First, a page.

title_pred_class = "Averaged scores for each predicted class in reference set"
            axes[i, 2].set_title(f"{title_pred_class} \n" +
                                 f"{len(title_pred_class) * '='} \n ")

def append_int(num):
    """Converts an integer into an ordinal (ex. 1 -> 1st, 2 -> 2nd, etc.).

        Integer number

    Ordinal suffixes
    if num > 9:
        secondToLastDigit = str(num)[-2]
        if secondToLastDigit == '1':
            return 'th'
    lastDigit = num % 10
    if (lastDigit == 1):
        return 'st'
    elif (lastDigit == 2):
        return 'nd'
    elif (lastDigit == 3):
        return 'rd'
        return 'th'

Load data

Loading and preparing the MNIST data set.

train, test = tf.keras.datasets.mnist.load_data()
X_train, y_train = train
X_test, y_test = test
test_labels = y_test.copy()
train_labels = y_train.copy()

X_train = X_train.reshape(-1, 28, 28, 1).astype('float64') / 255
X_test = X_test.reshape(-1, 28, 28, 1).astype('float64') / 255
y_train = to_categorical(y_train, 10)
y_test = to_categorical(y_test, 10)
print(X_train.shape, y_train.shape, X_test.shape, y_test.shape)
(60000, 28, 28, 1) (60000, 10) (10000, 28, 28, 1) (10000, 10)

Train model

Train a convolutional neural network on the MNIST dataset. The model includes 2 convolutional layers and it reaches a test accuracy of 0.98. If save_model = True, a local folder ./model_mnist will be created and the trained model will be saved in that folder. If the model was previously saved, it can be loaded by setting load_mnist_model = True.

load_mnist_model = False
save_model = True
[ ]:
filepath = './model_mnist/'  # change to directory where model is saved
if load_mnist_model:
    model = tf.keras.models.load_model(os.path.join(filepath, 'model.h5'))
    # define model
    inputs = Input(shape=(X_train.shape[1:]), dtype=tf.float64)
    x = Conv2D(64, 2, padding='same', activation='relu')(inputs)
    x = MaxPooling2D(pool_size=2)(x)
    x = Dropout(.3)(x)

    x = Conv2D(32, 2, padding='same', activation='relu')(x)
    x = MaxPooling2D(pool_size=2)(x)
    x = Dropout(.3)(x)

    x = Flatten()(x)
    x = Dense(256, activation='relu')(x)
    x = Dropout(.5)(x)
    logits = Dense(10, name='logits')(x)
    outputs = Activation('softmax', name='softmax')(logits)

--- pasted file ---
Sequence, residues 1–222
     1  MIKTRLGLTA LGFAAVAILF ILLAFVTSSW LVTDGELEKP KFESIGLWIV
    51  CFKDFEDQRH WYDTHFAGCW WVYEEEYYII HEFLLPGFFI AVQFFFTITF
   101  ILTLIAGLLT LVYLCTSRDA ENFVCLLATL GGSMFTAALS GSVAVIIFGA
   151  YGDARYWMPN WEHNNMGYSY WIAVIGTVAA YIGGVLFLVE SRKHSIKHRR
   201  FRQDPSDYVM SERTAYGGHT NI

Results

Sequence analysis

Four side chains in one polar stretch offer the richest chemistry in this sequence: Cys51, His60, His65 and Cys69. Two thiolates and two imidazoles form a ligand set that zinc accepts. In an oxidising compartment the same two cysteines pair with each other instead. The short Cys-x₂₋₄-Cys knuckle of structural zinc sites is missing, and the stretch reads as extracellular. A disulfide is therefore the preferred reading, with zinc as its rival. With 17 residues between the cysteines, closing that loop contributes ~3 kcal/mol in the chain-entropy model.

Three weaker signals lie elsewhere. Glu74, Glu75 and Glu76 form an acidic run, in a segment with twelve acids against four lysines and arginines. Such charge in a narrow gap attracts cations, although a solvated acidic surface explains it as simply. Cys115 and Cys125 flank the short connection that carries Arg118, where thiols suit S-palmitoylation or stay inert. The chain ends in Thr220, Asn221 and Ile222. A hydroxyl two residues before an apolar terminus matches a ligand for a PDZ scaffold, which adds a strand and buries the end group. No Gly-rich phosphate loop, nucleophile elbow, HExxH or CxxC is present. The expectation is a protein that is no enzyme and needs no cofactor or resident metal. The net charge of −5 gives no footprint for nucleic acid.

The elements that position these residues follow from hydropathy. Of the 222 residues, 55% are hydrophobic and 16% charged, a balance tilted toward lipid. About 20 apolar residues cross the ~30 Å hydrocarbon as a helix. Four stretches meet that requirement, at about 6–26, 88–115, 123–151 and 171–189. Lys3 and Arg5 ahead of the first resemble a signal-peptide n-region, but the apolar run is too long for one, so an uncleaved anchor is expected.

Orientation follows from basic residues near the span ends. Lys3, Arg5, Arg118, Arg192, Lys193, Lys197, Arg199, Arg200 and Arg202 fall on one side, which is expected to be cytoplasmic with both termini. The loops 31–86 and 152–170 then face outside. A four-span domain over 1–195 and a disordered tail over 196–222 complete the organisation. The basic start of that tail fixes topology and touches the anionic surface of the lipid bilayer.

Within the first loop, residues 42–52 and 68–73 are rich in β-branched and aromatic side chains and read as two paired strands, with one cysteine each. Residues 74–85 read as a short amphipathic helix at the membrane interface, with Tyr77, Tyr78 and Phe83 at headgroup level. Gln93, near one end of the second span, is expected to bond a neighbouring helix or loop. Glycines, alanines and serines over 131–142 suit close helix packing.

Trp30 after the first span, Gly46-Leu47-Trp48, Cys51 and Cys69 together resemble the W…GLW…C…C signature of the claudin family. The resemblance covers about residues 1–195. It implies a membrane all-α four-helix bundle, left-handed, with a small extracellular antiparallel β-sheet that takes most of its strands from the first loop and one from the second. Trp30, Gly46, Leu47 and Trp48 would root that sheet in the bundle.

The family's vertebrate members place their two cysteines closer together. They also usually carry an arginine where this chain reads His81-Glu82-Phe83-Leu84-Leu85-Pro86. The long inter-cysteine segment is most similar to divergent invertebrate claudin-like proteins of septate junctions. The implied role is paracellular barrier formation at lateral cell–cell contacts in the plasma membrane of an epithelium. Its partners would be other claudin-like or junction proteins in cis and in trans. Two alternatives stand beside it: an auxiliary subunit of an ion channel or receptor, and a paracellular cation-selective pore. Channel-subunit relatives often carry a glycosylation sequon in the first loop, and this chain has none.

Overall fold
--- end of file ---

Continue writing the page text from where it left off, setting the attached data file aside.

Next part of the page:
model = Model(inputs=inputs, outputs=outputs)

    # train model,
              validation_data=(X_test, y_test)
    if save_model:
        if not os.path.exists(filepath):
            os.makedirs(filepath), 'model.h5'))

Find similar instances

Initializing a GradientSimilarity explainer instance:

gsm = GradientSimilarity(model, categorical_crossentropy, precompute_grads=True, sim_fn='grad_cos')

Selecting a reference set of 1000 random samples from the training set. The GradientSimilarity explainer will find the most similar instances among those. This downsampling step is performed to speed up the fit step.

idxs_ref = np.random.choice(len(X_train), 1000, replace=False)
X_ref, y_ref = X_train[idxs_ref], y_train[idxs_ref]

Fitting the explainer on the reference data:

[8]:, y_ref)
  'name': 'GradientSimilarity',
  'type': ['whitebox'],
  'explanations': ['local'],
  'params': {
              'sim_fn_name': 'grad_cos',
              'store_grads': True,
              'backend_name': 'tensorflow',
              'task_name': 'classification'}
  'version': '0.6.6dev'}

Selecting 5 random instances from the test set:

idxs_samples = np.random.choice(len(X_test), 5, replace=False)
X_sample, y_sample = X_test[idxs_samples], y_test[idxs_samples]
preds = model(X_sample).numpy().argmax(axis=1)

Getting the most similar instances for the each of the 5 test samples:

expls = gsm.explain(X_sample, y_sample)


Building a dictionary for each sample for visualization purposes. Each dictionary contains

  • The original image x.

  • The corresponding label y.

  • The corresponding model’s prediction pred.

  • The corresponding reference labels ordered by similarity y_sim.

  • The corresponding model’s predictions for the reference set preds_sim.

ds = []
for j in range(len(X_sample)):
    y_sim = y_ref[['ordered_indices'][j]].argmax(axis=1)
    X_sim = X_ref[['ordered_indices'][j]]
    preds_sim = model(X_sim).numpy().argmax(axis=1)

    d = {'x': X_sample[j],
         'y': y_sample[j].argmax(),
         'y_sim': y_sim,
         'preds_sim': preds_sim}

Showing the 5 most similar instances for each of the test instances, ordered from the most similar to the least similar.

Most similar instances

plot_similar(ds, expls)

Most similar labels distributions

Showing the average similarity scores for each group of instances in the reference set belonging to the same true class and to same predicted class.

plot_distributions(ds, expls)

The plots show how the instances belonging to the same class (and the instances classified by the model as belonging to the same class) of the instance of interest have on average higher similarity scores, as expected.